Suspensions of Twitter Accounts Exploiting Child Sex Abuse Material Rise After Musk Takeover

Suspensions of Twitter Accounts Exploiting Child Sex Abuse Material Rise After Musk Takeover
Tesla co-founder and CEO Elon Musk introduces the newly unveiled all-electric battery-powered Tesla Cybertruck at Tesla Design Center in Hawthorne, Calif., on Nov. 21, 2019. (Frederic J. Brown/AFP via Getty Images)

The number of accounts that are being suspended by Twitter on a daily basis for sharing child sexual abuse and exploitation material has nearly doubled since Elon Musk took over, according to a cyber security and data analyst.

Andrea Stroppa, the founder of the cybersecurity group Ghost Data, has been working as an independent researcher on Twitter’s Trust and Safety team in recent weeks and contributed to a report (pdf) in September that found over 500 active Twitter accounts had openly shared or requested child pornography from Sept. 1 to 20.

The accounts had pulled in a total of 2,000 unique followers, according to the report.

Stroppa, in a thread posted to Twitter on Dec. 4, shared an update regarding the fight against child sexual exploitation content being shared on Twitter.

The expert noted that the platform, under the helm of Musk, has updated the way it detects content related to child sexual abuse or exploitation material to make it faster, more efficient, and “aggressive.”

Elon Musk Twitter
Twitter logo and a photo of Elon Musk are displayed through magnifier in this illustration taken on Oct. 27, 2022. (Dado Ruvic/Illustration/Reuters)

‘No Mercy’ for Child Exploitation Accounts

“No mercy for those who are involved in these illegal activities,” Stroppa explained.

Stroppa said the daily suspension rate among accounts that share child sexual exploitation content has almost doubled over the past few days alone, which he said means that Twitter is “doing a capillary analysis of contents, especially those published in the past.”

“It doesn’t matter when illicit content has been published. Twitter will find it and act accordingly,” the expert said.

From Dec. 3 to 4 alone, Stroppa noted that Twitter had taken down 44,000 “suspicious accounts” of which over 1,300 had attempted to avoid detection by using “codewords and text in images to communicate.”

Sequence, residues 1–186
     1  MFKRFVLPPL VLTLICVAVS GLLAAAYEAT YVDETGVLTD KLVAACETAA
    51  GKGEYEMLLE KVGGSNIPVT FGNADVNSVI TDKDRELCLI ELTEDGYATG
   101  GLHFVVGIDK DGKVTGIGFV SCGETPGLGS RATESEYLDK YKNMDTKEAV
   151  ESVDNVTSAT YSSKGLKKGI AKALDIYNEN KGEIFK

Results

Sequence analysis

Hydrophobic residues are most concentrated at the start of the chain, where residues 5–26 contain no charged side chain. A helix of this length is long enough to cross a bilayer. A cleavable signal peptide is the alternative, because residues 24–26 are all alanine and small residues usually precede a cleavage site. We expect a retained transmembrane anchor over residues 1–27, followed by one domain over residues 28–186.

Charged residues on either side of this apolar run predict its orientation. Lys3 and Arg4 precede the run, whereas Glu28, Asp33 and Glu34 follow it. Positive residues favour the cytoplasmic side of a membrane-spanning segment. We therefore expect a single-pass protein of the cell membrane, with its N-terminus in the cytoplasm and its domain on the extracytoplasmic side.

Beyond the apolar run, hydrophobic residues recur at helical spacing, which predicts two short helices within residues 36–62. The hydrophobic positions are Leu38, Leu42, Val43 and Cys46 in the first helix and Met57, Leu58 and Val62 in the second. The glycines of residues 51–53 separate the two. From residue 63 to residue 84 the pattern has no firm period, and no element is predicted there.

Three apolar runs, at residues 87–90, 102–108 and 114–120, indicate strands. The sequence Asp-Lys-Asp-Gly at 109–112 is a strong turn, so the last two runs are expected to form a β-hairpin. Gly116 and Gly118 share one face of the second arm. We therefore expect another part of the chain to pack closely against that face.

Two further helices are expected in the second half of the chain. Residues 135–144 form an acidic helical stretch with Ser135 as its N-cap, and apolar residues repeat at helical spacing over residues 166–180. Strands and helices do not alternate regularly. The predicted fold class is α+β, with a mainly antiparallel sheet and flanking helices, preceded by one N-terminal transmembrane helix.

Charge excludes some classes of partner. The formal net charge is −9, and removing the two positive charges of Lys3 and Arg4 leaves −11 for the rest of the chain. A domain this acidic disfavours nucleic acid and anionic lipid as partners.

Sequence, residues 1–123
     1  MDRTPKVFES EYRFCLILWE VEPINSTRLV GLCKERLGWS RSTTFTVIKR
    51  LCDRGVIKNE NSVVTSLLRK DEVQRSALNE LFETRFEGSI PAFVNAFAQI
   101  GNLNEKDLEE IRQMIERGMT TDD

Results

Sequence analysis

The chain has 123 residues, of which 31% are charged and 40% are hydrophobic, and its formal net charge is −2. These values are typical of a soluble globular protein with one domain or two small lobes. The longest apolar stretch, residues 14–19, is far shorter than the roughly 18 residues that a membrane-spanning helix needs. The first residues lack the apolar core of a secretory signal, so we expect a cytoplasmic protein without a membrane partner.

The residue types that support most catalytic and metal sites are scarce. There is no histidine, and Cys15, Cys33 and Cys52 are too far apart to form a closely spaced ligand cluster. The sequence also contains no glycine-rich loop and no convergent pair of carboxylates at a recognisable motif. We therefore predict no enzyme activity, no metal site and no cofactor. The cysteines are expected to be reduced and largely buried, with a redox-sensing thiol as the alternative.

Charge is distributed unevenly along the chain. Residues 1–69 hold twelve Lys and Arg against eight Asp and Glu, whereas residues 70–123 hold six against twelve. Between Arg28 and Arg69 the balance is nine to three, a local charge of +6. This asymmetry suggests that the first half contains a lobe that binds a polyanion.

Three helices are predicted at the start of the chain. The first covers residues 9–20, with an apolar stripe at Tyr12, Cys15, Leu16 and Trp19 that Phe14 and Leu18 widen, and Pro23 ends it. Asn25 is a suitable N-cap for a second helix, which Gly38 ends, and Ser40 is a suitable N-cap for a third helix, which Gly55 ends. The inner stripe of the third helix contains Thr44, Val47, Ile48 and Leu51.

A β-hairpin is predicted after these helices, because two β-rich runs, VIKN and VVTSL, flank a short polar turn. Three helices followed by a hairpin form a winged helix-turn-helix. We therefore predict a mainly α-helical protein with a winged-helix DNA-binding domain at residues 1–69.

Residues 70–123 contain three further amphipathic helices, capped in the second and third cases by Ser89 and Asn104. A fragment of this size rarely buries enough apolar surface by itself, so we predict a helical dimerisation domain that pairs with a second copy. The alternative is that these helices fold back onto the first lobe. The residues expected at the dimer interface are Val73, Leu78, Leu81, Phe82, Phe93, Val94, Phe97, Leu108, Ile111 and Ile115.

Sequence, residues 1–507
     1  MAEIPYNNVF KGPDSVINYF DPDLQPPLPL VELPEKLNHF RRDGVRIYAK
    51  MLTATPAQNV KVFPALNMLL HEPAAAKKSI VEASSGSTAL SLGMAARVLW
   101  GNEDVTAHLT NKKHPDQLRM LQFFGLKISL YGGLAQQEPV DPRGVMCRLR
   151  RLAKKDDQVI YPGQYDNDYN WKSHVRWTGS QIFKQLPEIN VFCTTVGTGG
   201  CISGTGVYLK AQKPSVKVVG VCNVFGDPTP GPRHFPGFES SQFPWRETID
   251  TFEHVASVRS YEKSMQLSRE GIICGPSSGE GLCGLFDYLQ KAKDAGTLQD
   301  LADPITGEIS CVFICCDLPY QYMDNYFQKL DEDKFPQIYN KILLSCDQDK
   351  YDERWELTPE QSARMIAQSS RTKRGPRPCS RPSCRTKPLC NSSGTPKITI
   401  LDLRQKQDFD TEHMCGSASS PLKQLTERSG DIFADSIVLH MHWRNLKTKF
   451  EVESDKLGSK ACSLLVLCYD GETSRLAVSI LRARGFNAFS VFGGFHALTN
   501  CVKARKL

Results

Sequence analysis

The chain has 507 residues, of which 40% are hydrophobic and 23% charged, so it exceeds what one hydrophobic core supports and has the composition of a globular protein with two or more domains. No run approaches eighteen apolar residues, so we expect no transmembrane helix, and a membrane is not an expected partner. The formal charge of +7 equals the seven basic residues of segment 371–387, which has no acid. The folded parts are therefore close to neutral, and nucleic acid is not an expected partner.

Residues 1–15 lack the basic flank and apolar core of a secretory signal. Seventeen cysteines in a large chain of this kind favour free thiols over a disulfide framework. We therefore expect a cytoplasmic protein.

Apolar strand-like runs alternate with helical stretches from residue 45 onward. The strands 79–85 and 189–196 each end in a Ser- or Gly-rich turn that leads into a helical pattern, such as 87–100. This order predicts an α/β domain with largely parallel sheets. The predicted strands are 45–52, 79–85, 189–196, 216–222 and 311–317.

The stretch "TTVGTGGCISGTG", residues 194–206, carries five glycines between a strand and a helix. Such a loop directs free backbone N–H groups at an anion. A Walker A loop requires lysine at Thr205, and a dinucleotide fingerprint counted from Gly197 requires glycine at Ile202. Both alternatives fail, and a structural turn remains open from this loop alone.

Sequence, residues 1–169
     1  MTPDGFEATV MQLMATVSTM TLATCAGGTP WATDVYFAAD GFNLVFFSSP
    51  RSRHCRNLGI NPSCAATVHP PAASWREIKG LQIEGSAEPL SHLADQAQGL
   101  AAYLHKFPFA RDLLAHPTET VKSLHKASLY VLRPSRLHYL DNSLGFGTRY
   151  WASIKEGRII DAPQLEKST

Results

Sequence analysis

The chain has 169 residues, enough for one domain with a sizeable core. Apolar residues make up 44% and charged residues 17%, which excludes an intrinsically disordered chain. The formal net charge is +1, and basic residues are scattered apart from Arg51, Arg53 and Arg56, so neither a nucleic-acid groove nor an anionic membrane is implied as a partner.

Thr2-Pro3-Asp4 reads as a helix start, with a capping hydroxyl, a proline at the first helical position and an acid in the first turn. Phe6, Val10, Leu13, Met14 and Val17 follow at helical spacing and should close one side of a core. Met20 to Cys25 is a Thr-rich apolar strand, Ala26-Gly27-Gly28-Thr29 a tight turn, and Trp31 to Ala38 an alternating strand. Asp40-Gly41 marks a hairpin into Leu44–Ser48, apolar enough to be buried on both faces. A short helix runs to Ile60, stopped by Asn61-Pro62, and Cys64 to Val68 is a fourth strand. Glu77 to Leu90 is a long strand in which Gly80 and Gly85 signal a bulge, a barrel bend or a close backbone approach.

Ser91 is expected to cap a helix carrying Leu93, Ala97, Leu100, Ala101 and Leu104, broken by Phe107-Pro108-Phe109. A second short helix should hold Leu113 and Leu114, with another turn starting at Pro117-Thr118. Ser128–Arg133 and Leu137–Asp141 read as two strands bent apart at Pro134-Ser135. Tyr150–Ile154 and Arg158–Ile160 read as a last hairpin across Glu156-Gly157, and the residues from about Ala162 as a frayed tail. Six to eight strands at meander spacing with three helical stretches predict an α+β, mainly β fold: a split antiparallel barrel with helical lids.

Stroppa added that Twitter is aware of strategies and communication methods used by suspicious accounts and that to increase its ability to protect children’s safety, the company brings in independent and expert third parties.

The platform also has dedicated teams in place that are investigating such accounts and violations of child sexual exploitation policy on a daily basis, Stroppa said, adding that the teams are “more determined than ever and composed of passionate experts.”

Additionally, Twitter has made it easier for users to report illicit content, according to Stroppa.

Twitter states it has a “zero-tolerance child sexual exploitation policy” and that users can report accounts that they believe should be reviewed via its child sexual exploitation form.

A man using a website that monitors global cyberattacks on his computer at his group’s office in Dongguan, China’s southern Guangdong Province, on Aug. 4, 2020. (Nicolas Asfouri/AFP via Getty Images)

John Doe Sues Twitter Over Child Exploitation

However, the platform has also faced a lawsuit (pdf) from two individuals, referred to as John Doe #1 and John Doe #2, who claim that they were tricked into sending explicit photos of themselves to sex traffickers when they were aged between 13 and 14.

The traffickers also convinced the minors to send explicit videos of themselves, according to the plaintiffs. Years later, the videos subsequently emerged on Twitter but the platform, according to the lawyers for the plaintiffs, refused to remove them because they did not find them to violate Twitter’s policies on child exploitation materials.

The lawsuit also accused Twitter of profiting off the footage. Eventually, the Department of Homeland security intervened and the videos were pulled from the platform.

Back in November, Musk pledged that removing child exploitation from Twitter was his number one priority and called on Twitter users to inform him if they see anything that Twitter needs to address.

Overall, reports alleging online child sexual exploitation increased by over 35 percent from 2020 to 2021, according to the U.S. National Center for Missing and Exploited Children (NCMEC).

If you’re a victim of child sexual exploitation on the internet or are aware of child sexual abuse material, sex trafficking, or other crimes against children online, you can make a report at or call NCMEC at 1-800-THE-LOST (1-800-843-5678).

From The Epoch Times

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